"Although Assassins has been playing to strong houses, the advance sales have slowed drastically. Sadly, contrary to popular perception, going into July, the show is not playing to capacity and tickets are available," said Roundabout artistic director Todd Haimes. "Assassins has been a great success for Roundabout and I am delighted that the production has been so well received by the press, the theatrical community and our subscribers. I want to make sure that anyone who may have been procrastinating on seeing this remarkable musical act now."
The Roundabout Theatre Company's staging at Studio 54 on Broadway, which earned the most Tony Awards of any show at the 2004 ceremony, was originally slated to run through May 30, and then extended the first time to July 4. If the show only reaches July 18, it will have played 26 previews and 101 performances.
The production will live on with the Aug. 3 release of a cast album by PS Classics, offering what is thought to be the recording premiere of the song "Something Just Broke" (added to the show for its London debut, after its 1991 Off-Broadway premiere).
Turning the Studio 54 stage into the underbelly of a carnival roller coaster — complete with shooting gallery, spinning wheel and unobtainable prizes — the musical revival began performances March 31. Tony Award winner Joe Mantello (Wicked, Take Me Out ) directs the Roundabout Theatre Company revival which opened on Broadway April 22.
Assassins, which debuted Off-Broadway at Playwrights Horizons in 1990, theatrically retells the stories of the nine individuals who took aim at eight different presidents — the four successful and five attempted assassins. The stageshow filled with song anachronistically weaves together scenes wherein they all interact with one another. The ensemble cast features Neil Patrick Harris (Proof, Cabaret) in dual roles as The Balladeer — who comments on the action to the audience — and arguably the most infamous assassin, Lee Harvey Oswald. Michael Cerveris (Titanic, Tommy) swaggers as the first successful presidential assassin, John Wilkes Booth. James Barbour (Jane Eyre, Carousel) portrays William McKinley killer, Leon Czolgosz. Denis O'Hare (Take Me Out) cakewalks as the eccentric office seeker and James Garfield murderer, Charles Guiteau. Mario Cantone (The Violet Hour) takes on Samuel Byck, who threatened Richard Nixon with a 747. Jeffrey Kuhn (Ragtime) plays FDR gunman, Giuseppe Zangara. Alexander Gemignani plays the Jodie Foster-obsessed Ronald Reagan shooter, John Hinkley. And Becky Ann Baker (Titanic) and Mary Catherine Garrison (Debbie Does Dallas) play Gerald Ford's femme fatales, Sara Jane Moore and Lynette "Squeaky" Fromme, respectively.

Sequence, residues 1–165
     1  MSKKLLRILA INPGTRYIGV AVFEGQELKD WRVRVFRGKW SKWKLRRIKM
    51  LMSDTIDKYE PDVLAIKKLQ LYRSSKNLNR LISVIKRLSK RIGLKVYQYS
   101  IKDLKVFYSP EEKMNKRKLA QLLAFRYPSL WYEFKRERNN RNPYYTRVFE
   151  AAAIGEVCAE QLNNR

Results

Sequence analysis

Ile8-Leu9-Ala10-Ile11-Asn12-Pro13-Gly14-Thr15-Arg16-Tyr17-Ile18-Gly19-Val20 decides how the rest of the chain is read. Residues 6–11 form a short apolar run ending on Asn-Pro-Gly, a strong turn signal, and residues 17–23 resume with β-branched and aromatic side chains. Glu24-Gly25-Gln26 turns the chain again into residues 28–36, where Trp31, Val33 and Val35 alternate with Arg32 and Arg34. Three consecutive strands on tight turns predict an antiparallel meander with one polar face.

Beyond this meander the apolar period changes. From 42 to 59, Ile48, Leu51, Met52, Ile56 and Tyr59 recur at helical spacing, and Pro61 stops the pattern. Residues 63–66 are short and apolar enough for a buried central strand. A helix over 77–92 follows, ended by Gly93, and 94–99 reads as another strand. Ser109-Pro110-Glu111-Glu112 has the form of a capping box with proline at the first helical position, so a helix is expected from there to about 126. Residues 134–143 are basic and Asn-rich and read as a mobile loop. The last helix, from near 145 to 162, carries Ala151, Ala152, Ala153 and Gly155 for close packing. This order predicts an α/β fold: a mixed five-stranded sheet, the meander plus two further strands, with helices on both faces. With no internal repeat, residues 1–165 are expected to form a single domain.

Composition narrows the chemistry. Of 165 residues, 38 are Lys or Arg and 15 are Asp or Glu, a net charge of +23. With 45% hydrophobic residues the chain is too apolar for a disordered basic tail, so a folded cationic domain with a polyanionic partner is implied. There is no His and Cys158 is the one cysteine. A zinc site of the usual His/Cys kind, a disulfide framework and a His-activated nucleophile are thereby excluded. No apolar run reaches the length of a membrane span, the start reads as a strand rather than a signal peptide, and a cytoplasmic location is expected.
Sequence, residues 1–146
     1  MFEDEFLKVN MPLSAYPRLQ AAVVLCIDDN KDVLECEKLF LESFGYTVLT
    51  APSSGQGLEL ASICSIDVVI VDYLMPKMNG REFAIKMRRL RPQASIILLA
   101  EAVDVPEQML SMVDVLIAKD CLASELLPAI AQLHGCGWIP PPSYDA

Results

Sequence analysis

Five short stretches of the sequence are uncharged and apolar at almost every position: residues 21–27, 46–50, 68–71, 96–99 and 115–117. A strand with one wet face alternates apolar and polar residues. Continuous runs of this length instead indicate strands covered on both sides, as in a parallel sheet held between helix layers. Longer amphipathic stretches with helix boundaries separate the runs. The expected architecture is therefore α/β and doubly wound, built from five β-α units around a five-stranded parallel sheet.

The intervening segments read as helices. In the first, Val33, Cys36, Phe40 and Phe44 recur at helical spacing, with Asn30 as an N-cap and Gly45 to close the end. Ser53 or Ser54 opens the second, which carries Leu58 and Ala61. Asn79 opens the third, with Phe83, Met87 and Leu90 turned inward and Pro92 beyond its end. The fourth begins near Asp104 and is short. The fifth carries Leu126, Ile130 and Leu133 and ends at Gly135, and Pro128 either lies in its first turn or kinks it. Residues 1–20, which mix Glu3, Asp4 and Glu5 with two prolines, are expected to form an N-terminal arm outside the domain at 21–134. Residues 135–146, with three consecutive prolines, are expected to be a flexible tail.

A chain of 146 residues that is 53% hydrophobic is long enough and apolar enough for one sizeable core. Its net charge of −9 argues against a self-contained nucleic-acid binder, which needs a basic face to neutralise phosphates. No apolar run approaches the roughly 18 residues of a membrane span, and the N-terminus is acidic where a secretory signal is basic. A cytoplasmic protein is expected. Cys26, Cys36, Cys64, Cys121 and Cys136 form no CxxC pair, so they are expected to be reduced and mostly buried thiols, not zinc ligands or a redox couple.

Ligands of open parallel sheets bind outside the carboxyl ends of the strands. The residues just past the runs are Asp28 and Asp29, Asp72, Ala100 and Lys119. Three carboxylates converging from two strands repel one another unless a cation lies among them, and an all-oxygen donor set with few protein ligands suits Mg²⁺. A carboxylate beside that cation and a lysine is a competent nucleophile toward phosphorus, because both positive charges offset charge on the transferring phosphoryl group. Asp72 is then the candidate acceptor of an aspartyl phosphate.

John Schiappa — who replaced Marc Kudisch (Thoroughly Modern Millie) — is also featured in the cast as the Proprietor, who sets the show in motion and provides weapons and more to the assassins. James Clow, Merwin Foard, Eamon Foley, Kendra Kassebaum, Ken Krugman, Anne L. Nathan, Chris Peluso, Brandon Wardell and Sally Wilfert play a variety of roles in the ensemble.
Assassins — based on an idea by Charles Gilbert, Jr. — features a book by Weidman with music and lyrics by Sondheim. Paul Gemignani — who was involved with the original Off-Broadway run — serves again as musical director. Orchestrations are by Michael Starobin. Musical staging is provided by Jonathan Butterell (Nine).
The design team for Assassins includes Robert Brill (set), Susan Hilferty (costume), Peggy Eisenhauer and Jules Fisher (lighting) and Dan Moses Schreier (sound). Hair and wig design is handled by Tom Watson while projections are by Elaine J. McCarthy.
The musical took home Tony prizes for actor Michael Cerveris, director Joe Mantello, orchestrator Michael Starobin, the lighting team of Peggy Eisenhauer and Jules Fisher as well as the Tony for Best Revival of a Musical.
Tickets are available at Studio 54 (254 West 54th Street), by calling Ticket Services at (212) 719-1300 or online at www.roundabouttheatre.org.